A vigil has been held on the Grosvenor Road in west Belfast to protest against an upsurge in gun violence.
Organised by the Workers Party, the rally was prompted by the murder on Monday night of delivery driver Dan Murray in nearby Lady Street.
Around 100 people heard a number of political representatives call for an end to the armed attacks that have claimed four lives in the last six months.
Mr Murray was shot in his car around 10pm as he responded to a bogus call for a Chinese takeaway.
Police believe the 54-year-old was lured to his death by a call made from a telephone box at the junction of the Antrim Road and Cliftonville Road.
Mr Murray was shot in the face at point-blank range at his Antrim Road home in April last year.
The murder bid followed another attempt on his life when he was shot several times in his car by the Continuity IRA. He had previously spoken out to deny any involvement in criminality.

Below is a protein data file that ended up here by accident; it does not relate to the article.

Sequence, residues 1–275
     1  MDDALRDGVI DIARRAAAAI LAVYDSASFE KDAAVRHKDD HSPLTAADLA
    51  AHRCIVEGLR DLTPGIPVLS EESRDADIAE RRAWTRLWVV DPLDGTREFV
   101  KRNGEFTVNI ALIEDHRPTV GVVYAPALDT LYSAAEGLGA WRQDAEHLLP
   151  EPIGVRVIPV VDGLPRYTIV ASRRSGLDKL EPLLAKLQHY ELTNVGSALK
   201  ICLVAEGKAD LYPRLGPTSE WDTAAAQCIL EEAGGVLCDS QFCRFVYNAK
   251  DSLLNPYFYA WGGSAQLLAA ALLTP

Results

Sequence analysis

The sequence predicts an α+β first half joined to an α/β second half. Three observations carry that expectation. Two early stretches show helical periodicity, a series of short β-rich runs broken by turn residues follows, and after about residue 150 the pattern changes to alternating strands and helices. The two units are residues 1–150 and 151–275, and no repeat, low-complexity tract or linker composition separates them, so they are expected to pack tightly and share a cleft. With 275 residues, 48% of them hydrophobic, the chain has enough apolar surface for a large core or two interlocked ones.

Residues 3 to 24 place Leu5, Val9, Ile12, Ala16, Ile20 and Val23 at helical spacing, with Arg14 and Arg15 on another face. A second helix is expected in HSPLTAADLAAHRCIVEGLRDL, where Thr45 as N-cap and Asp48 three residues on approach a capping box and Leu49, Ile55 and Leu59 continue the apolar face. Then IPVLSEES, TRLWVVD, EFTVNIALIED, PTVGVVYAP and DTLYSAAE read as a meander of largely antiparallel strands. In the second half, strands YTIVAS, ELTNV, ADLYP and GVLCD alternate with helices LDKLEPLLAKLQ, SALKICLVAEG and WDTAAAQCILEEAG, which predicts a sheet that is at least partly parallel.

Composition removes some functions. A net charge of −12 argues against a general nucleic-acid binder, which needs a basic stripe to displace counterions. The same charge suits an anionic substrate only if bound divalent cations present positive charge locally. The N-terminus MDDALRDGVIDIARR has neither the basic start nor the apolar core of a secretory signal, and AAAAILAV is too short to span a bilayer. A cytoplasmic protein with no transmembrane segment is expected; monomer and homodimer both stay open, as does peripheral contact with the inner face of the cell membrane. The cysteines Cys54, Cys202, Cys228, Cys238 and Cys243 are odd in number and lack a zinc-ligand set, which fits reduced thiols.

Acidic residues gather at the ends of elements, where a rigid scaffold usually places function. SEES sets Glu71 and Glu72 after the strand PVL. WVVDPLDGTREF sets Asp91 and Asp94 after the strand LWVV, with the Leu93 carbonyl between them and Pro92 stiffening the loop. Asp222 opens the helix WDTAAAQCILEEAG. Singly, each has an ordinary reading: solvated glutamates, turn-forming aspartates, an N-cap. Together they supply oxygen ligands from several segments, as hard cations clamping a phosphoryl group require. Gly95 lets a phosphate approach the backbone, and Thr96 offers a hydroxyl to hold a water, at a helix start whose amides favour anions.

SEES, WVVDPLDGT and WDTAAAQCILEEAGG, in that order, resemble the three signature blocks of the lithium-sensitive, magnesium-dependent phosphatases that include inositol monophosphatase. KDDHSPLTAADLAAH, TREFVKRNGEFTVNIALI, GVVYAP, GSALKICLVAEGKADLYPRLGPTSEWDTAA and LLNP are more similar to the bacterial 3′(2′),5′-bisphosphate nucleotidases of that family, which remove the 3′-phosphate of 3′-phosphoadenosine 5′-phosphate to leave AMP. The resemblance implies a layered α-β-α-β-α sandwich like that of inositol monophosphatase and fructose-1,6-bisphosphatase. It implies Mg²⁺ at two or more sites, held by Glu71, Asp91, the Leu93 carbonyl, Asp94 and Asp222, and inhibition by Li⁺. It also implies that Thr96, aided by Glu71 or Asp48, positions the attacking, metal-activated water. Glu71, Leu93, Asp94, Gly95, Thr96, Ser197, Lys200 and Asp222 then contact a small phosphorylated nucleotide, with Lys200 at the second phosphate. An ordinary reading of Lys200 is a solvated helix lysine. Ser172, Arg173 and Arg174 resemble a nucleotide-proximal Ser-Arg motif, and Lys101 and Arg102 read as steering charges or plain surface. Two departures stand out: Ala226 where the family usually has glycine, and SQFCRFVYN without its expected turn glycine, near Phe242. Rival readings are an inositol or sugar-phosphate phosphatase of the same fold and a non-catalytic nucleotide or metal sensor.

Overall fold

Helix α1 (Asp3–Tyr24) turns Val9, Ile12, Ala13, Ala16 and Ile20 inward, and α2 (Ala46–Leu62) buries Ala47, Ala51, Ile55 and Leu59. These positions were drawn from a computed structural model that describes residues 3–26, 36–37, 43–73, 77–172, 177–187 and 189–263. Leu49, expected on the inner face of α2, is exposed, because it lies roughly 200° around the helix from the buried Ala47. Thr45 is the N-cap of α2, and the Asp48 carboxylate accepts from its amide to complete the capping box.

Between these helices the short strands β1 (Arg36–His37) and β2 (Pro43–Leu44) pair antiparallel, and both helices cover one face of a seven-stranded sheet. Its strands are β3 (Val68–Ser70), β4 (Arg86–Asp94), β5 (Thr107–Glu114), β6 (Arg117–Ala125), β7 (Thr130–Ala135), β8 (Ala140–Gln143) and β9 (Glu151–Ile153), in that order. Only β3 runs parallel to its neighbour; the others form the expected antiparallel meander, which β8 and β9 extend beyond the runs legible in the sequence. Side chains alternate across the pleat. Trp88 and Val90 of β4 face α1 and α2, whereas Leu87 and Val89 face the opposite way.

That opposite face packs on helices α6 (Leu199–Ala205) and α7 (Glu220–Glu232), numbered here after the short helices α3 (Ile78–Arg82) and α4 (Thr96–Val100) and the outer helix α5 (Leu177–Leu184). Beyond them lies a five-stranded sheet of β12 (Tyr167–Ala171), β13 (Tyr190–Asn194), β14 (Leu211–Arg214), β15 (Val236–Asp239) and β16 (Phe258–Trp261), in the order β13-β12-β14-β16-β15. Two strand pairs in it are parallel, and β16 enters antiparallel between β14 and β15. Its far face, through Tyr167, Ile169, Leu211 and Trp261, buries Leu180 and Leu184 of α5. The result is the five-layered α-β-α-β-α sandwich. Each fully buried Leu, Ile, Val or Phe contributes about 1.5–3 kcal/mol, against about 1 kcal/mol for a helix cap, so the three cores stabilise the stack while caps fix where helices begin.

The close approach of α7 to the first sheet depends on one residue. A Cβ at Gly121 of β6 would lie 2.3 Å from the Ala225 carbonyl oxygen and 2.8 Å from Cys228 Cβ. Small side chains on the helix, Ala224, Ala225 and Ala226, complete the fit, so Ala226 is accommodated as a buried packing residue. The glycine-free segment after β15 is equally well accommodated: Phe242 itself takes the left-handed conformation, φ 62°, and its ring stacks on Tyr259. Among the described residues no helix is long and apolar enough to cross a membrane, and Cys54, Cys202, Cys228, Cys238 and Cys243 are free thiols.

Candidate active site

His murder was the third gun attack to take place in Belfast within 24 hours.
A teenager was shot in the north of the city just three hours before Mr Murray’s killing, and a man in his 20s was shot in an alleyway in the early hours of Monday.
Last night’s rally was advertised as a protest against “recent murders, attempted murders and maimings”.
The organisers said it “also reflects the growing anger and resilience in the face of 11 serious armed attacks across Belfast in the past six months in which four people have been murdered and several others, including a 17-year-old boy, seriously wounded.”
Among those who addressed the rally were Alex Attwood of the SDLP and Fra McCann of Sinn Fein.
Protest chairperson Conor Campbell said: “It is important that the community publicly displays its resilience in the face of these attacks and demonstrates its refusal to accept the rule of armed gangs across the city.”
Workers Party North Belfast representative Gemma Weir appealed for a united community response and called on the next justice minister at Stormont to convene and resource a ‘Community Forum Against Murder and Maiming’.
Ms Weir suggested such a body would be comprised of elected representatives, community groups, community representatives and voluntary organisations, as well as the PSNI and the Department of Justice.
She said it would act as a “united front” against the armed gangs.